Climate change

September 21, 2009

Solar realities and transmission costs – addendum

Peter Lang’s ’solar realities’ paper and its associated discussion thread has generated an enormous amount of interest on BraveNewClimate (435 comments to date). Peter and I have greatly appreciated the feedback (although not always agreed with the critiques!), and this has led Peter to prepare: (a) an updated version of ‘Solar Realites’ (download the updated v2 PDF here) and (b) a response paper (download PDF here). Below I reproduce the response, and also include Peter’s sketched analysis of the scale/cost of the electricity transmission infrastructure (PDF here).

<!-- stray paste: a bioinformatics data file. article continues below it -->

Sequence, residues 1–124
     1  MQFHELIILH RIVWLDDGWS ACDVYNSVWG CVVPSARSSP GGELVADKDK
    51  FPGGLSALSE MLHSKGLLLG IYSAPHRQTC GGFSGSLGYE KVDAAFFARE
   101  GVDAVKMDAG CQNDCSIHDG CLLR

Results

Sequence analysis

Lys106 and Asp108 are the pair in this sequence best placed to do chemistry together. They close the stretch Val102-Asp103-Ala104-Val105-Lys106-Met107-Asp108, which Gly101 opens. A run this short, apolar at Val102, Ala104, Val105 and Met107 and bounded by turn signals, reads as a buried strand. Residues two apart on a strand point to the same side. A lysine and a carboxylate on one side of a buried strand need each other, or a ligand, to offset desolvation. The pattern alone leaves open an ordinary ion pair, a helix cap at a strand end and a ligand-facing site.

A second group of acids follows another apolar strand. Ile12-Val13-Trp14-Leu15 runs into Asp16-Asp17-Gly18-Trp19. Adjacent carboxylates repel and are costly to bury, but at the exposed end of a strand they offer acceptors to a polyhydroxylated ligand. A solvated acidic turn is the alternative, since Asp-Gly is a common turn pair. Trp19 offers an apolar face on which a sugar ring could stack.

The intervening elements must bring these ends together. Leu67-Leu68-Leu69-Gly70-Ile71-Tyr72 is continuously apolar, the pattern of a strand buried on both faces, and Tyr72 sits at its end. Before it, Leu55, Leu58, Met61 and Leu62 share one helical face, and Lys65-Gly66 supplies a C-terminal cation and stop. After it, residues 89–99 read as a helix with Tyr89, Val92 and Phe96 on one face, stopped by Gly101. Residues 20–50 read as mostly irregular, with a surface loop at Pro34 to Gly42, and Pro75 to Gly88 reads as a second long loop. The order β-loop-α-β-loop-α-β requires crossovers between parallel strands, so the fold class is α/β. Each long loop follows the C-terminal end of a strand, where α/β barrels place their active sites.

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Comparison of capital cost of nuclear and solar power

By Peter Lang (Peter is a retired geologist and engineer with 40 years experience on a wide range of energy projects throughout the world, including managing energy R&D and providing policy advice for government and opposition. His experience includes: coal, oil, gas, hydro, geothermal, nuclear power plants, nuclear waste disposal, and a wide range of energy end use management projects)

Introduction

This paper compares the capital cost of three electricity generation technologies based on a simple analysis. The comparison is on the basis that the technologies can supply the National Electricity Market (NEM) demand without fossil fuel back up. The NEM demand in winter 2007 was:

20 GW base load power;

33 GW peak power (at 6:30 pm); and